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Australian universities are ‘monolithic’ – report

Source: David Clode on Unsplash

Australian universities need to make radical changes to keep up with employers’ demands, a new study has found.

In the age where two out of five university degrees will soon be obsolete and graduates are heavily in debt, universities are now facing pressure to stay internationally competitive, according to the University of the Future report by EY (formerly Ernst & Young).

“Australia’s universities are monolithic institutions that control all aspects of their teaching and research activities, anchored by physical spaces and time-bound schedules,” the report said.

“What is clear from this exercise is that profound change is imminent in the education sector. Policy makers and university leaders will need to work together to challenge the status quo and adjust the settings to ensure Australian universities are encouraged to innovate, invest and transform.”

Slow to change. Source: Shutterstock

This slow response to change is having impact on the type of graduates they are producing, according to EY. The firm said it is recruiting from technical and further education or TAFE institutions for the first time in a long time as university graduates arent’s showing skills they need.

SBS reported Catherine Friday Partner, Oceania Education Leader from EY saying:

“Those institutions that can crack the new, flexible teaching learning models required will reap the benefits, as they outpace competitors that persist in delivering three to four-year degree programs that employers simply do not value.”

 

The report is based on interviews with more than 50 university leaders, government policy-makers and industry observers. More than 3,000 students and employers were surveyed.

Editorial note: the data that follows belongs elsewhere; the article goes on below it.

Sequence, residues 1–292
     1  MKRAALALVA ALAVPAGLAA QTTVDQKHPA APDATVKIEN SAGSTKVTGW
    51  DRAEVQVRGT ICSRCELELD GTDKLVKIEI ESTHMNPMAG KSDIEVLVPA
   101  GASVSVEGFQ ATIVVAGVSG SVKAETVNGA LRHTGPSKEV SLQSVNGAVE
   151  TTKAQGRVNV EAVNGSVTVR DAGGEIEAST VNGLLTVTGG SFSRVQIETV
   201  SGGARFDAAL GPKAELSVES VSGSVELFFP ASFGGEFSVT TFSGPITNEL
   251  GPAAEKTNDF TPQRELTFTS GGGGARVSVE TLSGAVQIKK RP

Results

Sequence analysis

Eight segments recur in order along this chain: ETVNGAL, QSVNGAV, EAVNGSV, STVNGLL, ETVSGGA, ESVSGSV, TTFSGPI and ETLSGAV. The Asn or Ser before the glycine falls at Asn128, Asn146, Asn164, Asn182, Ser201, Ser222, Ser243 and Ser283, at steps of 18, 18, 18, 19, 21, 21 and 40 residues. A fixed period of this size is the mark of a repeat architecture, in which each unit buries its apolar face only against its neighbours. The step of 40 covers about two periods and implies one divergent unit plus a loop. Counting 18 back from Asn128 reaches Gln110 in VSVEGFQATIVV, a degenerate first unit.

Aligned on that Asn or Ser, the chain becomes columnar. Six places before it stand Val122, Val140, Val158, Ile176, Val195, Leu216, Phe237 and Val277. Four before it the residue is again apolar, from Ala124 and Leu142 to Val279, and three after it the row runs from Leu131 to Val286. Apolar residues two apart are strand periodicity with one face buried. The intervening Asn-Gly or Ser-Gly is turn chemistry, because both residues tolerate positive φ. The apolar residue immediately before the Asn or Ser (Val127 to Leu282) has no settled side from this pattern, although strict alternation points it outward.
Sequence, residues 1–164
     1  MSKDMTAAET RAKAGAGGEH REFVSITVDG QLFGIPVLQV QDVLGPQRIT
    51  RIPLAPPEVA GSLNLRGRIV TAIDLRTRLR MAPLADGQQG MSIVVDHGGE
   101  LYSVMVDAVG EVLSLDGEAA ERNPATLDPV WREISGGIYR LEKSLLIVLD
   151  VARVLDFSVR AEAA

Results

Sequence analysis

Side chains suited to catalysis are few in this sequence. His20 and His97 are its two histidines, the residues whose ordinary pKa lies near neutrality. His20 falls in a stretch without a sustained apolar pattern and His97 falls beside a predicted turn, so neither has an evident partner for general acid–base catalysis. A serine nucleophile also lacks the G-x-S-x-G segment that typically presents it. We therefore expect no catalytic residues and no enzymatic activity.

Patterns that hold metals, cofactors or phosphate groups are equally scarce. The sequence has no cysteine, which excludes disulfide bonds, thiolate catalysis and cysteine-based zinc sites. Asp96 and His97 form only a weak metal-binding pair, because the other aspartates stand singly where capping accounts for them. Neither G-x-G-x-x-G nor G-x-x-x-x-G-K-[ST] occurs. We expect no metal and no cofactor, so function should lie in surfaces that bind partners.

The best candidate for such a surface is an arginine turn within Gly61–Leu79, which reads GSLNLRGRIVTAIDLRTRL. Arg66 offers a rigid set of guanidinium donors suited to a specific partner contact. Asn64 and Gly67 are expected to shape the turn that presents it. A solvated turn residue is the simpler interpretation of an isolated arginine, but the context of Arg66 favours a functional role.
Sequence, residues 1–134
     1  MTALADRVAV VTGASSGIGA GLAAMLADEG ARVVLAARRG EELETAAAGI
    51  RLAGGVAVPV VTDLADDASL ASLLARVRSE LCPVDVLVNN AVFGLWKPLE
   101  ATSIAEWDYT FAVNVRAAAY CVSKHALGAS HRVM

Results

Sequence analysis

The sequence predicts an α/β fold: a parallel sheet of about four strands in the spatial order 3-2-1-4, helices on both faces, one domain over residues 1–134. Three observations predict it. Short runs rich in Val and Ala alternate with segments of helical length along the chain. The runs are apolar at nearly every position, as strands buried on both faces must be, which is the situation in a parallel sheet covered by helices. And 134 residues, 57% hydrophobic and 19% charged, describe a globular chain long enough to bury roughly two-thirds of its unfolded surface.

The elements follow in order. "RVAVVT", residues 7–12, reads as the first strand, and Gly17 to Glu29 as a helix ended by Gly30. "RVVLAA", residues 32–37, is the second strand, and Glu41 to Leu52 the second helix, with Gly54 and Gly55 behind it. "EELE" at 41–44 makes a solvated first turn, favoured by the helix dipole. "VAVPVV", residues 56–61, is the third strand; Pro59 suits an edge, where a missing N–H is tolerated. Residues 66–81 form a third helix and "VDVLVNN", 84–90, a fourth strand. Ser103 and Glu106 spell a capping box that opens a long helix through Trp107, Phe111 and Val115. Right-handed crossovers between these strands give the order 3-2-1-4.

The report identified five external factors impacting universities today and in the future: Rise of continuous learning; Changing world of work; Blurring industry boundaries; Evolving digital behaviour; Increasing internal competition.

It offers four possible outcomes of what the country’s universities of the future would look like:

1. Champion University

This is grounded in a hands-on approach by the government, which will “actively champion” universities as “strategic national assets”. Universities “streamline operations” by transforming service delivery and administration and most students continue to enrol in traditional undergraduate and graduate degree programs.

2. Virtual University 

Universities and vocational institutes will be integrated and restructured into networks sharing digital platforms by a hands-on government. Continuous learners with their preference for “unbundled courses” – delivered flexibly and online – will make up the bulk of students here. This is expected to be an “extreme case”.

3. Commercial university

This is the likeliest outcome. This university will be free from government intervention and will be financially independent “to ease national budget pressures”. It will work closely with industry for teaching and research. “Students favour degree programs that offer work-integrated learning,” the report said.

4. Disruptor University

While this will have a hands-off approach from the government as well, continuous learners will prefer “on-demand micro-certificates” as technology disrupts the workspace. With a deregulated education sector, the universities will enter new markets and services, competing with other educational service providers.

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